There was a news interview this week on tv in which the person being interviewed noted that of all the municipal services, libraries were the most fiscally responsible in cases where there were amalgamation. I could not find this interview online but I did find this report which includes a note about this:
“To what extent has amalgamation succeeded in achieving its goals?
A More Efficient City Government?
The Golden Report warned that “the benefits of amalgamation and consolidation are often over-stated.”2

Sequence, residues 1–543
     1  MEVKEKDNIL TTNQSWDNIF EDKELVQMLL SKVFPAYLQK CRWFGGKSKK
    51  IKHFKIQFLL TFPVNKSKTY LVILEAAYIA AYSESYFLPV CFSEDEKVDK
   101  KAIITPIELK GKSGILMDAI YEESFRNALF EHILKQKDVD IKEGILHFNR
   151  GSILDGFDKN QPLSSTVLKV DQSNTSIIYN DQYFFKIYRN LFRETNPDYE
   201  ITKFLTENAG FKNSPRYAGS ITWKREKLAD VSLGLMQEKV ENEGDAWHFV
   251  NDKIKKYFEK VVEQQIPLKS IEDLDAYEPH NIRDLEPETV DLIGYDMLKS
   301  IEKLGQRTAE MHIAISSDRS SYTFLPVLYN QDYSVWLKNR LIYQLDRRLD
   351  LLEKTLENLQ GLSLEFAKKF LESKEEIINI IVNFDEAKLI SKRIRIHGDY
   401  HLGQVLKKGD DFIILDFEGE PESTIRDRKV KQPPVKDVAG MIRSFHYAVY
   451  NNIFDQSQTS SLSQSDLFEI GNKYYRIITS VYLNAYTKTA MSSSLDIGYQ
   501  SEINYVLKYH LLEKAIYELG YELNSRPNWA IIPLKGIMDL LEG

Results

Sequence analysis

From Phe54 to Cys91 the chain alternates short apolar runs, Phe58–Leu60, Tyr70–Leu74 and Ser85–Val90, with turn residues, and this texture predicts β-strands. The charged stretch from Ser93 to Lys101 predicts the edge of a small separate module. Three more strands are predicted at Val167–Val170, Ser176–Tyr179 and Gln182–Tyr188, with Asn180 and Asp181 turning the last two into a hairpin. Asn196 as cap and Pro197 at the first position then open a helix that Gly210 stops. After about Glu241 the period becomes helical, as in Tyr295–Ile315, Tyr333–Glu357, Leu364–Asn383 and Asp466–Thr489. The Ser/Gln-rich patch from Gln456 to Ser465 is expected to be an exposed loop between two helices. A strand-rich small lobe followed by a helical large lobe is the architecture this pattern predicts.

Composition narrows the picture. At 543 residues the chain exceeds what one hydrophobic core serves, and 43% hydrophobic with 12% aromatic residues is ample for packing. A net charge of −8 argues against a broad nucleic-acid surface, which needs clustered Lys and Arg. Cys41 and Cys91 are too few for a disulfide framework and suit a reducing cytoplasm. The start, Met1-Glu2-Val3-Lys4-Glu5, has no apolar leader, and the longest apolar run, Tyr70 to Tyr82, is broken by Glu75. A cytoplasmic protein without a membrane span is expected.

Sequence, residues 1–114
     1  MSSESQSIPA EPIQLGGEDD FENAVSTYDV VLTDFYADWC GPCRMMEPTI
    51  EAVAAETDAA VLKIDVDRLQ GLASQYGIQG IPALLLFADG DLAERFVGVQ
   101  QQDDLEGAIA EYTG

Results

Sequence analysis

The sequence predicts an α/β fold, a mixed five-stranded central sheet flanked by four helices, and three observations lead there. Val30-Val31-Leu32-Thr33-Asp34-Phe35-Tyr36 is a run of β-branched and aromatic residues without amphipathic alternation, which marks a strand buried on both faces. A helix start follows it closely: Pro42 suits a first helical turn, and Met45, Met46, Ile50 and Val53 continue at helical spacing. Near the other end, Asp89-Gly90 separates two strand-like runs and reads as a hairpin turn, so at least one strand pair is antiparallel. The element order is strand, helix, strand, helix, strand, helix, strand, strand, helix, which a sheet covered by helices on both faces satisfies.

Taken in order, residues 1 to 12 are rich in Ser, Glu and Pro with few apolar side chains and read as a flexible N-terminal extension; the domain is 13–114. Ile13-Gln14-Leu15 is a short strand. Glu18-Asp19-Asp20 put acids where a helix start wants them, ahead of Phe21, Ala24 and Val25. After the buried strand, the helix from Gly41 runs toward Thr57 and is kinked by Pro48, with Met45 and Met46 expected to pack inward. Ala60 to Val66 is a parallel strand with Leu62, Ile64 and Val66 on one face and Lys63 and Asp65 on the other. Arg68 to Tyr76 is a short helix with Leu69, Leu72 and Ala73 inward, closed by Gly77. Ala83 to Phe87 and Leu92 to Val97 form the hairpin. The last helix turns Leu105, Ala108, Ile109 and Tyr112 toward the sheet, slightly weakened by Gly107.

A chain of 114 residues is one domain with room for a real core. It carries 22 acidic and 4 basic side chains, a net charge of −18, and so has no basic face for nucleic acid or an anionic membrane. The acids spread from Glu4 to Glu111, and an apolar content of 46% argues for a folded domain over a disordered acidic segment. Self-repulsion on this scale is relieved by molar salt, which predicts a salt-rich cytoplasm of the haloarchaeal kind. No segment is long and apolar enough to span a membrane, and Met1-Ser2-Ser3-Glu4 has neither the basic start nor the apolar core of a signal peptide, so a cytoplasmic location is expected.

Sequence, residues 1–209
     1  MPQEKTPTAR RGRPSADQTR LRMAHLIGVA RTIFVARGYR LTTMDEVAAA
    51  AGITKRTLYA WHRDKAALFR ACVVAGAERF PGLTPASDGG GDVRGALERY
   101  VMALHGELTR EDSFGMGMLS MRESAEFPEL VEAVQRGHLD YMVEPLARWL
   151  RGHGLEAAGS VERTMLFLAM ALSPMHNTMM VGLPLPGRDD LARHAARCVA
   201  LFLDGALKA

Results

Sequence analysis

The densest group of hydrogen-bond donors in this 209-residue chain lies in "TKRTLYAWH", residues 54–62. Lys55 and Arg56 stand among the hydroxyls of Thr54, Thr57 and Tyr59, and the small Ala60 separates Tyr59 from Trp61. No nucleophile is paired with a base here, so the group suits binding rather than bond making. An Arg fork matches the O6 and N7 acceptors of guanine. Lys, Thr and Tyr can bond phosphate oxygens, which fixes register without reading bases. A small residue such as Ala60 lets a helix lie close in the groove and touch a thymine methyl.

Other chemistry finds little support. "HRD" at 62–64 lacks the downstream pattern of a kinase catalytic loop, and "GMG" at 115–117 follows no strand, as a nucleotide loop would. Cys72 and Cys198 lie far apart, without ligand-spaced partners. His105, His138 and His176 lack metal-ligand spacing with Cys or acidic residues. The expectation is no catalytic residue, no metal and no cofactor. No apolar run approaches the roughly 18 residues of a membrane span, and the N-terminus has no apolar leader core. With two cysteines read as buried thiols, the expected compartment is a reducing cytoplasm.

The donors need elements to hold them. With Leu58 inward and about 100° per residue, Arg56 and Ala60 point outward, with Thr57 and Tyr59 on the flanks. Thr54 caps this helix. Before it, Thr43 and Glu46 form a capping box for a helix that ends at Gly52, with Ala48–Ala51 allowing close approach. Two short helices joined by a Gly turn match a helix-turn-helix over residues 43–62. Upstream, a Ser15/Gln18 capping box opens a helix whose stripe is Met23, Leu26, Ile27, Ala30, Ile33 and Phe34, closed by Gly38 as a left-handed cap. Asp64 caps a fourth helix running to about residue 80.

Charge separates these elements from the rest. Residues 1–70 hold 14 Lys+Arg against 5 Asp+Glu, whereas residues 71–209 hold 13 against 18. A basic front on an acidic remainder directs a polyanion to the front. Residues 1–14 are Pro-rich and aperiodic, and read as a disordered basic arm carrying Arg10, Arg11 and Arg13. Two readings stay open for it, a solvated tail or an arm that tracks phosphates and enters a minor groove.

Yet the Province adamantly defended its position, claiming that the move was essential to the city’s fiscal health. To what extent did the new City of Toronto meet its intended goal of saving money? In her remarks, Enid Slack discussed research attempting to quantify the impact of amalgamation. In a 2013 study, she and Richard Bird compared expenditures (per household, adjusted for inflation) in the pre- and post-amalgamation periods across four policy areas – fire protection, parks and recreation, garbage collection, and libraries – all of which had been under the responsibility of the lower-tier municipalities. With one exception – libraries – these expenditures all increased after amalgamation. “